Dr. Percy, notwithstanding all the noise of the newspapers, has had no literary lossm. Clothes and moveables were burnt to the value of about one hundred pounds; but his papers, and I think bis books, were all preserved.

Poor Mr. Thrale has been in extreme danger from an apoplectical disorder, and recovered, beyond the expectation of his physicians : he is now at Bath, that his mind may be quiet, and Mrs. Thrale and miss are with him.

Having told you what has happened to your friends, let me say something to you of yourself. You are always complaining of melancholy, and I conclude from those complaints that you are fond of it. No man talks of that which he is desirous to conceal, and every man desires to conceal that of which he is ashamed. Do not pretend to deny it: 'manifestum habemus furem.' Make it an invariable and obligatory law to yourself, never to mention your own mental diseases: if you are never to speak of them, you will think on them but little; and if you think

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| The hon. Topham Beauclerk died March 11, 1780. His library was sold by publick auction in April and May, 1781, for five thousand and eleven pounds. -Malone.

m By a fire in Northumberland-house, where he had an apartment in which I have passed many an agreeable hour.---Boswell.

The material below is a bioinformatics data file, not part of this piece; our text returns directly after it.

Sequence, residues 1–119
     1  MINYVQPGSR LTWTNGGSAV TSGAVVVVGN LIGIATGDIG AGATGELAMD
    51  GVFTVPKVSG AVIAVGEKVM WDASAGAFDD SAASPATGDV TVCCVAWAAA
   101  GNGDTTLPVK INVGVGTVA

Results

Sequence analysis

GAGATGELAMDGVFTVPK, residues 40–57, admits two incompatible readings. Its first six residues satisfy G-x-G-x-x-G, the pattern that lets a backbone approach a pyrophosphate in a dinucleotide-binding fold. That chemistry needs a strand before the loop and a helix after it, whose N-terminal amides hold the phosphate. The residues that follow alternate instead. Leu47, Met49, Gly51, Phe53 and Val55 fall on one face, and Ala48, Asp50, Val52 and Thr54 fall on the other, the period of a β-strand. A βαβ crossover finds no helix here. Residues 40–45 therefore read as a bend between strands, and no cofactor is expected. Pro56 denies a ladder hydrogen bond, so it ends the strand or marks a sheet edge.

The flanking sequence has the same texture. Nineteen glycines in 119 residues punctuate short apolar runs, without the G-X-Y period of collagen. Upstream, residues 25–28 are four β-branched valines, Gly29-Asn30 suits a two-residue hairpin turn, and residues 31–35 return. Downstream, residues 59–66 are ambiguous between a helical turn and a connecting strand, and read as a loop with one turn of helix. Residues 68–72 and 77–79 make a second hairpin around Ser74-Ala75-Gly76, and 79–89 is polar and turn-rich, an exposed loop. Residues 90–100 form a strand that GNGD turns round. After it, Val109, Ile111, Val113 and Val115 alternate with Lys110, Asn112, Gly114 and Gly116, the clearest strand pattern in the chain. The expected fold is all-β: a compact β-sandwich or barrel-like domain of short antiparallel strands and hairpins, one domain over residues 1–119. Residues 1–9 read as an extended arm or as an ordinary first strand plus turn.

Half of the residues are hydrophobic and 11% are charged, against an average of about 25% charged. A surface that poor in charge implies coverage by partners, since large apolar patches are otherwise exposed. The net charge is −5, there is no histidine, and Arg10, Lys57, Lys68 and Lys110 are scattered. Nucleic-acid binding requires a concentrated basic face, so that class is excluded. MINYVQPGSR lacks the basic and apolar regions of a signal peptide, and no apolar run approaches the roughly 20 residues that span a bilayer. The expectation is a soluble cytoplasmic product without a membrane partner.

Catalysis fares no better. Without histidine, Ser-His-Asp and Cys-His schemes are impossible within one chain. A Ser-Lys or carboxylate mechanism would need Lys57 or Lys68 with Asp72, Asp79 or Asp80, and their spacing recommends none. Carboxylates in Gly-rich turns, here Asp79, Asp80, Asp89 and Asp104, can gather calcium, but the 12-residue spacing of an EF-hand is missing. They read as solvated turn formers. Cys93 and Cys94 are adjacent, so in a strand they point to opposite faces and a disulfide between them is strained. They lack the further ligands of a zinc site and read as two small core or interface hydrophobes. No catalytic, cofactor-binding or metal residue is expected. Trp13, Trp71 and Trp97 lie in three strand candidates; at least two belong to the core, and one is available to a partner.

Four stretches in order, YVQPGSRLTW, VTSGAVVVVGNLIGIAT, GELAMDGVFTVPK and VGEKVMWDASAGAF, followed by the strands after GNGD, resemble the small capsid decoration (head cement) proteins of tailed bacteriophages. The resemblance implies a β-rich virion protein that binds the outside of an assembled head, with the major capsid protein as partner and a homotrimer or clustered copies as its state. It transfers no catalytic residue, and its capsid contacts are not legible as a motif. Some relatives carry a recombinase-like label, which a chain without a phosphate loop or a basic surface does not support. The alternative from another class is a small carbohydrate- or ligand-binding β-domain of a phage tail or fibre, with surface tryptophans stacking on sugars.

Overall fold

little of them, they will molest you rarely. When you talk of them, it is plain that you want either praise or pity: for praise there is no room, and pity will do you no good ; therefore, from this hour speak no more, think no more about them.

“ Your transaction with Mrs. Stewart gave me great satisfaction; I am much obliged to you for your attention. . Do not lose sight of her; your countenance may be of great credit, and, of consequence, of great advantage to her. The memory of her brother is yet fresh in my mind : be was an ingenious and worthy man.

“ Please to make my compliments to your lady and to the young ladies. I should like to see them, pretty loves, . I am, dear sir, “ Yours affectionately,

“ Sam. JOHNSON. · April 8, 1780."


Mrs. Thrale being now at Bath with her husband, the correspondence between Johnson and her was carried on briskly. I shall present my readers with one of her original letters to him at this time, which will amuse them probably more than those well-written but studied epistles which she has inserted in her collection, because it exhibits the easy vivacity of their literary intercourse. It is also of value as a key to Johnson's answer, which she has printed by itself, and of which I shall subjoin extracts.


“ I had a very kind letter from you yesterday, dear sir, with a most circumstantial date. You took trouble with my circulating letter, Mr. Evans writes me word, and I thank you sincerely for so doing : one might do mischief else not being on the spot.

Yesterday's evening was passed at Mrs. Montagu's: there was Mr. Melmoth; I do not like him though, nor he me: it was expected we should have pleased each other;